St. Macarius the Great of Egypt (390-391). St. Mark, archbishop of Ephesus (1444). Blessed Theodore of Novgorod, fool-for-Christ (1392). St. Macarius the Roman, abbot (Novgorod) (16th c-17th c.).
Virgin-martyr Euphrasia of Nicomedia (303). St. Macarius of Alexandria (394-395). St. Anthony the Stylite, of Martqopi, Georgia (6th c.). St. Arsenius, archbishop of Corfu (8th c.). St. Macarius the Faster, of the Kiev Caves (12th c.). St. Macarius, hierodeacon of the Kiev Caves (13th c.-14th c.). Uncovering of the relics of St. Sabbas, founder of Storozhev Monastery (Zvenigorod) (1652).
New Hieromartyr Peter Skipetrov, archpriest, of Petrograd (1918).
St. Branwalader (Breward) of Cornwall and the Channel Islands (6th c.). Martyr Anthony Rawah the Qoraisite (797). Translation of the relics (950) of St. Gregory the Theologian (389). St. Meletius, confessor, of Mt. Galesion, monk (1286).
Repose of Schemanun Anatolia of Diveyevo (1949).
Thursday. [I John 1:8–2:6; Mark 13:31–14:2]
What the Apostle directed us towards yesterday, the Gospel
now suggests directly to us: Take ye heed, watch
and pray: for ye know not when the time.… Watch ye
therefore ... lest coming suddenly he find you
sleeping (Mark 13:33, 35–6). It is
necessary to wait, and every instant to keep in mind that
the Lord is about to appear and shine like lightning from
one end of the universe to the other. It is thought by
some that it is possible to replace this waiting upon the
Lord with waiting for death. This is good, or at least
this should be done. But awaiting the coming of the Lord
is one thing, and awaiting death another. They lead to
different thoughts, and to different feelings born under
the impact of these different thoughts. Await the day of
the Lord, when all will end in an irrevocable
determination. After our death, time will still continue
in an undecided state; but the day of the Lord will assign
everything for eternal ages, and it will be sealed, so you
cannot expect any changes. “I have been
waiting,” you say. So wait longer, and continue to
wait. “But this,” you say, “will poison
all my joys.” It will not poison your joys—it
will only drive away from your everyday life those joys
that are illegitimately so-called. You will still rejoice,
only in the Lord. It is possible to wait for the Lord with
this joy; and if the Lord finds you in this joy, He will
not call you to account, but will praise you.
Friday. [I John 2:7–17; Mark 14:3–9]
The world passeth away, and the lust
thereof (I John 2:17). Who does not see this?
Everything around us passes away—things, people,
events; and we ourselves are passing away. Worldly lust
also passes; we scarcely taste the sweetness of its
satisfaction before both the lust and the sweetness
disappear. We chase after something else, and it is the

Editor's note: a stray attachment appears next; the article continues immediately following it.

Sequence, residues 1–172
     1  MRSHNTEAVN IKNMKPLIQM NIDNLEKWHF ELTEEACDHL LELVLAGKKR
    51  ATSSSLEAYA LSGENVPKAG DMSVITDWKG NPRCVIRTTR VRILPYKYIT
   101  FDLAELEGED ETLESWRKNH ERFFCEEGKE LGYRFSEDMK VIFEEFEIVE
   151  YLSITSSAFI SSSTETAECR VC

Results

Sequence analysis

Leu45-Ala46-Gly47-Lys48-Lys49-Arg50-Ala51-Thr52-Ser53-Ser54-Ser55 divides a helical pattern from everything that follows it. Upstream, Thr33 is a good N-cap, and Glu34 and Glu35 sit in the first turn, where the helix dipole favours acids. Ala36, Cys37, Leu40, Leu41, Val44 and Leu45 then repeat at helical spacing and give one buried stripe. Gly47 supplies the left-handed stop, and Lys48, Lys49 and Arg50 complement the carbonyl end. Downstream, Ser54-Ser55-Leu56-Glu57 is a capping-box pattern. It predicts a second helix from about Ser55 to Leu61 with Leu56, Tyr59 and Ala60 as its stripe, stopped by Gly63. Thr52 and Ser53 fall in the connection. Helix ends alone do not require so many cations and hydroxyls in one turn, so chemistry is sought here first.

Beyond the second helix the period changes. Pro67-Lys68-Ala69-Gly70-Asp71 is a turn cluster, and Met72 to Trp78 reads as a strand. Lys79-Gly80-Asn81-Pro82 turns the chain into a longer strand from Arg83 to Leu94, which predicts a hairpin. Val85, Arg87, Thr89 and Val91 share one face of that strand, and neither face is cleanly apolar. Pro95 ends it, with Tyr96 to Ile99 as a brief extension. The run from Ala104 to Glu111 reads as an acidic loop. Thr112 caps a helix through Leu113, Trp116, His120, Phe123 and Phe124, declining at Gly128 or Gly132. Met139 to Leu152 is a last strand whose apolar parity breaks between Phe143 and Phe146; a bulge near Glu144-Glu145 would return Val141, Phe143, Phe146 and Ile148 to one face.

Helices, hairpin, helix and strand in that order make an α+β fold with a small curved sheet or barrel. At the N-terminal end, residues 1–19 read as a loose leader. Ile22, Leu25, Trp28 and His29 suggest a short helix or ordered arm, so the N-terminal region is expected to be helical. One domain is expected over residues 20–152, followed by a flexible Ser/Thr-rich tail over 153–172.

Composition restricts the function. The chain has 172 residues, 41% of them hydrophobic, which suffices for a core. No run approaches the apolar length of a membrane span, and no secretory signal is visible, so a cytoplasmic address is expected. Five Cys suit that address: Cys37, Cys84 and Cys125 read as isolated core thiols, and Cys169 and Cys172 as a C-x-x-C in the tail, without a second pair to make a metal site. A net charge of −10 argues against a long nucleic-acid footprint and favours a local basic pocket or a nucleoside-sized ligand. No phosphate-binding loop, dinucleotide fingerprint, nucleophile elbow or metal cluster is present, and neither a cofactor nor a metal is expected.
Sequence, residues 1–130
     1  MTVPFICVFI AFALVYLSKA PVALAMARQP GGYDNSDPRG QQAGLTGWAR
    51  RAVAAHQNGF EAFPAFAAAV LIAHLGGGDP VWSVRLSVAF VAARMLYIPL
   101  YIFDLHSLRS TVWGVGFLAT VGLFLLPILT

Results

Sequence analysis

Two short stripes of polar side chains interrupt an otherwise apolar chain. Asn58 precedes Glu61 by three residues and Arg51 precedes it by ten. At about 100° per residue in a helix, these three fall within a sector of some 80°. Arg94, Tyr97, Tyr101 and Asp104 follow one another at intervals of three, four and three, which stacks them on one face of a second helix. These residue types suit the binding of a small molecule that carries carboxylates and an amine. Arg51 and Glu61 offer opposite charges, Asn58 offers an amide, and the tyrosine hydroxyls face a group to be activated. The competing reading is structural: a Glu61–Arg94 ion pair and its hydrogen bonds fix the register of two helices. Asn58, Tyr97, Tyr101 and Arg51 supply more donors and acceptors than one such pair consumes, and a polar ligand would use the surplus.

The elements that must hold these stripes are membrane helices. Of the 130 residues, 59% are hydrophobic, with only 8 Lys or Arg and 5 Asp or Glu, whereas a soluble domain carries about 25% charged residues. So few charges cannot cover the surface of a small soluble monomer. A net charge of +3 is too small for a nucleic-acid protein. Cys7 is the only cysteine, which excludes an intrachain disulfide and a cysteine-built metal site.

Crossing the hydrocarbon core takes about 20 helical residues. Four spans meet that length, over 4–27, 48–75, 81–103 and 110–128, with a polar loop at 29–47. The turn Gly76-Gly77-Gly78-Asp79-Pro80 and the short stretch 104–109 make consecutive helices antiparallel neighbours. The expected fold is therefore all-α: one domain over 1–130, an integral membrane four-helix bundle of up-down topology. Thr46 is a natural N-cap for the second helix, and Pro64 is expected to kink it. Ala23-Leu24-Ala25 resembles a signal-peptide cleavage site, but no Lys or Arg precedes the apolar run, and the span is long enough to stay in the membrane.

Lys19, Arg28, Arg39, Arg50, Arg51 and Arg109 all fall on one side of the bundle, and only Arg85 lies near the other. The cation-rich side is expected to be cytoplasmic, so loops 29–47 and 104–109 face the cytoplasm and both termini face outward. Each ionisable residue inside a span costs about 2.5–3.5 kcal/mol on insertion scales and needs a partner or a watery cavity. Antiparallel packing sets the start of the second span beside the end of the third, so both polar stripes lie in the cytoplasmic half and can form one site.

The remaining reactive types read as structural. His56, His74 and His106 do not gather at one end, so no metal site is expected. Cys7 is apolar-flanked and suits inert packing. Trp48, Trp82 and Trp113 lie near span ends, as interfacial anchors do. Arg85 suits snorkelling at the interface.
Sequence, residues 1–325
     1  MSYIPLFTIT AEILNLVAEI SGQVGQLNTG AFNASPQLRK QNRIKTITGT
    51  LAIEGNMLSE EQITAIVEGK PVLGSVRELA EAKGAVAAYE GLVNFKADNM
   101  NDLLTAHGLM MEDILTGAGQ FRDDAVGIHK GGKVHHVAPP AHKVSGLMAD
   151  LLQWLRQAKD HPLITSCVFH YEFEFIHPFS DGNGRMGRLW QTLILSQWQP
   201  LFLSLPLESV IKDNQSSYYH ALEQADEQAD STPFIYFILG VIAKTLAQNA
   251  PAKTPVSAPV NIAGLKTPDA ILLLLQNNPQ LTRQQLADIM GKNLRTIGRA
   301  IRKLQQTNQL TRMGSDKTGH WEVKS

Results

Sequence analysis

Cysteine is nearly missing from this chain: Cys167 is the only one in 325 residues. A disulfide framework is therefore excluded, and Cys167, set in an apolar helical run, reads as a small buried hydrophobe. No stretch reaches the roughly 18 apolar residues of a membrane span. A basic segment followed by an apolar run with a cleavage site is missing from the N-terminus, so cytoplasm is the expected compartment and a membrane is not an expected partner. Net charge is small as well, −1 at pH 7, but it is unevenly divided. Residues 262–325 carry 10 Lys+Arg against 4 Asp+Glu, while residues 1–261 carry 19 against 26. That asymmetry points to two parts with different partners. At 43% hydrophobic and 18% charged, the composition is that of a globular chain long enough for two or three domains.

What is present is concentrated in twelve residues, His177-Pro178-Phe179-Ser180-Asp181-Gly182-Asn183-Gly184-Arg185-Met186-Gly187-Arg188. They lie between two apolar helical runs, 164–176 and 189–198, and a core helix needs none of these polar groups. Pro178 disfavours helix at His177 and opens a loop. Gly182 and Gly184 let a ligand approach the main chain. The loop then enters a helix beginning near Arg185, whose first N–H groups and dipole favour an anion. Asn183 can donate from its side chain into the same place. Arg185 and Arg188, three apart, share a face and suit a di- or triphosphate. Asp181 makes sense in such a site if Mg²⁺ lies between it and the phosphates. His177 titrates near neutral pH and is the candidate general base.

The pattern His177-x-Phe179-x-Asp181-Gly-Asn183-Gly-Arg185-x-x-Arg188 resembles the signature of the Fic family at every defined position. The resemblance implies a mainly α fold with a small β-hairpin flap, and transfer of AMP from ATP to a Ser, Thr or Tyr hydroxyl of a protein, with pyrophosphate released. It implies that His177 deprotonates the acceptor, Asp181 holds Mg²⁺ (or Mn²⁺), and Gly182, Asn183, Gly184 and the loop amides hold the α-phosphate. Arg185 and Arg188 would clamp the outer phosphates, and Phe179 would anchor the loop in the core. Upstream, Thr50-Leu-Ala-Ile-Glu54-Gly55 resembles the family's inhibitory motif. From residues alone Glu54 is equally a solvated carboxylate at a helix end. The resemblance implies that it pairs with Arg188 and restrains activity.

same; we chase after a third thing—again the same.
Nothing stands still; everything comes and goes. What? Is
there really nothing constant?! There is, says the
Apostle: he that doeth the will of God abideth for
ever (I John 2:17). How does the world, which is so
transient, endure? Because God so desires that the world
endure. The will of God is the world’s unshakeable
and indestructible foundation. It is the same among
people—whosoever begins to stand firmly in the will
of God is made steadfast and firm at once. One’s
thoughts are restless when chasing after something
transient. But as soon as one comes to his senses and
returns to the path of the will of God, his thoughts and
intentions begin to settle down. When at last one succeeds
in acquiring the habit for such a way of life, everything
he has, both within and without, comes into quiet harmony
and serene order. Having begun here, this deep peace and
imperturbable serenity will pass over to the other life as
well, and there it will abide unto the ages. Amidst the
general transience of things around us, this is what is
not transient, and what is constant within us: walking in
the will of God.
Monday (36th). [III John 1:1–14; Luke
What does it mean to walk in truth
(III John 1:4)? It means accepting truth in your heart,
abiding in such thoughts and feelings as the truth
requires. Thus, it is the truth that God is everywhere and
sees everything. He who accepts this truth with his heart
and begins to keep himself both inwardly and outwardly as
if God Himself were before him and were seeing everything
within him, is walking in this truth. It is the truth that
God contains all, and that without Him we cannot do
anything successfully. He who accepts this with his heart,
and turns in prayer in whatever he does for help to God,
accepting whatever happens to him as being from the hand
of the Lord—is walking in this truth. It is the
truth that death could steal us away at any hour, and
after death immediately comes the judgement. He who
accepts this truth with his heart, and begins to live as
if he were about to die this minute and appear before the
judgement of God, is walking in this truth. So it is
concerning every other truth.